Markus Schmuckl, a fellow northwest Morgan Hill resident, came equipped with two large, black boards with a city map blown up and pasted on the front, depicting the number of existing homes and future family dwellings expected for the surrounding neighborhoods of the old Burnett Elementary School campus on Tilton Avenue in Morgan Hill.
The point all eight residents, who spoke before the MHUSD Board of Education, wanted to make was that Burnett would be better served reopening as an elementary school, rather than being transformed into the new home for Central.
“We strongly believe that the most prudent action given this information is to plan for the future and re-open Burnett as a community elementary school,” said resident Che Hammond.
After surveying 87 Capriano homeowners, approximately 34 percent have elementary-aged students currently attending MHUSD schools. Another 26 percent of those children will be entering kindergarten in the next one to three years.
But those stats did little to prevent the School Board from voting unanimously to approve the $6.8 million phase I estimate to begin modernization plans of the Burnett campus, which will serve as Central’s new home in 2013.
“No, I do not (have any reservations),” said Board President Don Moody.
As the district’s student count continues to grow, he says MHUSD is considering other properties for expansion.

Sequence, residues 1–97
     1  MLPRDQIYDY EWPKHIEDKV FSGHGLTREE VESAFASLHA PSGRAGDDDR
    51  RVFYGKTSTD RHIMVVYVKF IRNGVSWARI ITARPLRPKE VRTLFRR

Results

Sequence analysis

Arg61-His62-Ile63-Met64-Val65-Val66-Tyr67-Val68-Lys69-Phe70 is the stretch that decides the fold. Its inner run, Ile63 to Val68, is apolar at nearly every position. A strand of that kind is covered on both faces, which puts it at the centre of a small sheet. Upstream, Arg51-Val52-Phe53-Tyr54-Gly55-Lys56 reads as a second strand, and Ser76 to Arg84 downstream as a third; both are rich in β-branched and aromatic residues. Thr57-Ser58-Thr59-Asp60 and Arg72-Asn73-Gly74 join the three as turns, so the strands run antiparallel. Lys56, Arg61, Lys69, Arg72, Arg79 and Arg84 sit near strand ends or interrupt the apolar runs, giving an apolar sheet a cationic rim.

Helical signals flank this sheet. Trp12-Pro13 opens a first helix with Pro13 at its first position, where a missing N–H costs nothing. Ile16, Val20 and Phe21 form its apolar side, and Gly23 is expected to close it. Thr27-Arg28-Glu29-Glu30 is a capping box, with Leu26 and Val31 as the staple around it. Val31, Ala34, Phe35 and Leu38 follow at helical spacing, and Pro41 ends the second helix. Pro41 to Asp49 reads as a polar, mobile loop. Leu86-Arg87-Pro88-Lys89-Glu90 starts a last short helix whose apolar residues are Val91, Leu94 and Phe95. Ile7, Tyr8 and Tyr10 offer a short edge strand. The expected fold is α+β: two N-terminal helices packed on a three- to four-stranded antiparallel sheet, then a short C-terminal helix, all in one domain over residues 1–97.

The Burnett renovations are the first use of voter-approved Measure G bond dollars, which total $198 million. At Tuesday’s meeting, trustees discussed $55 million worth of other Measure G-funded projects, but those are not finalized or board-approved.
Those potential projects include the construction of a multipurpose room at the Charter School of Morgan Hill, fencing at Britton Middle School, and various roofing projects at other facilities.
“Right now, these are just the projects we’ll try to begin during the summer…Burnett is just the furthest along,” said Deputy Superintendent Bonnie Tognazzini, who on Tuesday was recognized for her 21 years of service with MHUSD and is retiring at the end of this school year. “They won’t vote on (the other projects) until they get pricing and a timeline.”
Tognazzini was praised by her peers for helping guide the district through good times and bad for more than two decades. She also had kind words for Superintendent Wes Smith — who was named Santa Clara County’s Superintendent of the Year by the Association of California School Administrators. Tognazzini said there has been more “positive progress” during Smith’s three-year leadership than the previous 20 combined. One of the major accomplishments includes the passing of Measure G in November 2012 with a 65.74 percent voter approval.
“He is open to all input and has the innate ability to get the community behind District initiatives for improving academic attainment and student success,” said Mayor Steve Tate of Smith, who chairs the Legislative Action Committee for the Santa Clara County Superintendents Association and has advised at committee hearings of the California State Legislature.
Nationally, Smith has met with President Obama’s Special Assistant at the White House and the U.S. Department of Education staff.